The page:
Jakarta: Tens of thousands of workers went on strike across Indonesia on Thursday, in the latest industrial action to hit Southeast Asia`s top economy as its citizens seek a greater share of the spoils from stellar growth.
Unions are calling for hefty pay rises as the cost of living skyrockets due to surging inflation, which has been driven up in recent months by an unpopular fuel price hike.
Factories producing everything from clothes to electronics, often for international companies, stopped operations as workers across the country downed tools on day one of a two-day strike.
Union leaders said that two million took part in the action across the archipelago.
Their figures are usually higher than those given by the police, who said around 60,000 had walked out in the capital and surrounding districts and there were also small strikes and demonstrations in other parts of the country.
Security was tight with more than 17,000 police mobilised in Jakarta and surrounding areas.
Thousands of workers in uniform marched past deserted factories in Pulogadung industrial estate in East Jakarta, led by a truck with people shouting from loudspeakers.
Hundreds of strikers rode motorcycles, waved banners and shouted: "Long live the workers" and "Raise our pay".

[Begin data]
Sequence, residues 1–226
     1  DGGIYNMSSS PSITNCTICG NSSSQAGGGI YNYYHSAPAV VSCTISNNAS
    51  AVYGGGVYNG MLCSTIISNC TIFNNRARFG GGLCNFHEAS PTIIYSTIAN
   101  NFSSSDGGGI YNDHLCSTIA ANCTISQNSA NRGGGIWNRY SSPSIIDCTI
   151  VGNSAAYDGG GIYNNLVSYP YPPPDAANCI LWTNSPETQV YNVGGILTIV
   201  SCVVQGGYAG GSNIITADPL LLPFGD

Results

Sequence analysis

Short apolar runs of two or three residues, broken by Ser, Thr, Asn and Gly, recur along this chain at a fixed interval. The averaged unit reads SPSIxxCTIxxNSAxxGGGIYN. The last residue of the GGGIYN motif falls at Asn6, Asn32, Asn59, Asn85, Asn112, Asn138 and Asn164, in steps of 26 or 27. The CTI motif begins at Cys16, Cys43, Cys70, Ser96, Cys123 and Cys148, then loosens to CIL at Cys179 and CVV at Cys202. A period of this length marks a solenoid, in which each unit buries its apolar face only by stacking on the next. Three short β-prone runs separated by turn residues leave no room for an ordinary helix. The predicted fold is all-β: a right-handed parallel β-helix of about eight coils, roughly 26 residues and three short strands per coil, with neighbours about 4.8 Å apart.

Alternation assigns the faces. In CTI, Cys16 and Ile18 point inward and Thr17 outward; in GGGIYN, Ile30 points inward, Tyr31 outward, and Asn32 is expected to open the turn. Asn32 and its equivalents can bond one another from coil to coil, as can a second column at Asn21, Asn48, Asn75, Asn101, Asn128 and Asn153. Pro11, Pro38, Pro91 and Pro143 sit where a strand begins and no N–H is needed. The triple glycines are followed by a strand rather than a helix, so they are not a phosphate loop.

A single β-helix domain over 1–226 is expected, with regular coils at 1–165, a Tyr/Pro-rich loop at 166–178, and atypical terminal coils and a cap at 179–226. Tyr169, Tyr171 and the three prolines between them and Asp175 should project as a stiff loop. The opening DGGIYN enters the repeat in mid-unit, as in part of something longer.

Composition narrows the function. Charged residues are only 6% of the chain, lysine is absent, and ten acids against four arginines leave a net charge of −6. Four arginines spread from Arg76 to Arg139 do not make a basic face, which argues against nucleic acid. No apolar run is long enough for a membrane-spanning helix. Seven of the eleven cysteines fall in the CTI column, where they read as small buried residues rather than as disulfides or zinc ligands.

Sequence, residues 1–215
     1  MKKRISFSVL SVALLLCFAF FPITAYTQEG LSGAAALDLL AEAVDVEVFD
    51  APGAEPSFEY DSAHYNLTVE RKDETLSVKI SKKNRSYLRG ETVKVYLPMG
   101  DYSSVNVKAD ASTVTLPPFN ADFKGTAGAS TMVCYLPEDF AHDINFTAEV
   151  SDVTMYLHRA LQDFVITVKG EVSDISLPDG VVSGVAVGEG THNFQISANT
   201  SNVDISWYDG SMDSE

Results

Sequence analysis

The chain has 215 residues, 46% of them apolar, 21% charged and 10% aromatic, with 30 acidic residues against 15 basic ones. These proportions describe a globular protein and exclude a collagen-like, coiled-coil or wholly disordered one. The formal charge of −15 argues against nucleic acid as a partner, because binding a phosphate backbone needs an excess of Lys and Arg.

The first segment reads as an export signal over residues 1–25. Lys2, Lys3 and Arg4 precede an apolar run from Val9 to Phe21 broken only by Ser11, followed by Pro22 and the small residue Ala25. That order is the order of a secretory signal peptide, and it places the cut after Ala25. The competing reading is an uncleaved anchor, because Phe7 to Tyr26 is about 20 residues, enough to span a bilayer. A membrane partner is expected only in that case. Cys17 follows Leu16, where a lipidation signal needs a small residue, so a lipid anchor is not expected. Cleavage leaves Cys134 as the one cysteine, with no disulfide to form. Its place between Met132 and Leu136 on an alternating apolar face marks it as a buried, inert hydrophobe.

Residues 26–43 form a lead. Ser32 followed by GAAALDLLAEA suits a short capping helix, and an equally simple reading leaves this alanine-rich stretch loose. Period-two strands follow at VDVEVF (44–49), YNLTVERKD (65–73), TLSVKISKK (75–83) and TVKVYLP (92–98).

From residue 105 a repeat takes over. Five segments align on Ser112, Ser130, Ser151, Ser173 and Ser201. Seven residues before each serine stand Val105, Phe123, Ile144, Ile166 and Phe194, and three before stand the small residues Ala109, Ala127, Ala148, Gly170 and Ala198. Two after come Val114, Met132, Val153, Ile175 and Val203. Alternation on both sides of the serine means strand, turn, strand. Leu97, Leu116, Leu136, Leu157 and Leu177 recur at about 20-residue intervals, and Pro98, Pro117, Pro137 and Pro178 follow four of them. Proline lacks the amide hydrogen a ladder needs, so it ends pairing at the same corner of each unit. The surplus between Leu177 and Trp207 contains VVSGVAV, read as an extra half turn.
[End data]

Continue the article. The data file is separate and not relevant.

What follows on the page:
"I am not asking to live in a castle or sleep on a bed of gold, just for what we deserve from working so hard to contribute to the economy," said Achmad, 46, a welder who like many Indonesians goes by one name.
The protests were largely peaceful although police said that some windows were smashed and motorbikes pushed over in the industrial hub of Bekasi, just outside Jakarta.
Elsewhere, police said around 5,000 took part in the strike in Surabaya in East Java province, and 1,000 downed tools in Makassar on the central island of Sulawesi.
TV pictures also showed crowds striking in the industrial hub of Batam island, near Singapore, although police did not have an estimate of the numbers involved.
"All factories in Java`s industrial hubs have stopped," said Said Iqbal, chairman of the Confederation of Indonesian Workers Union, adding that the strike would affect 20 of the nation`s 34 provinces.
With inflation hitting 8.4 per cent year-on-year in September, Iqbal said ordinary people were deeply concerned over the rising cost of living.
"Many workers who could not afford their rents have had to move out of their homes and live under bridges and in sewers. They are eating instant noodles instead of rice."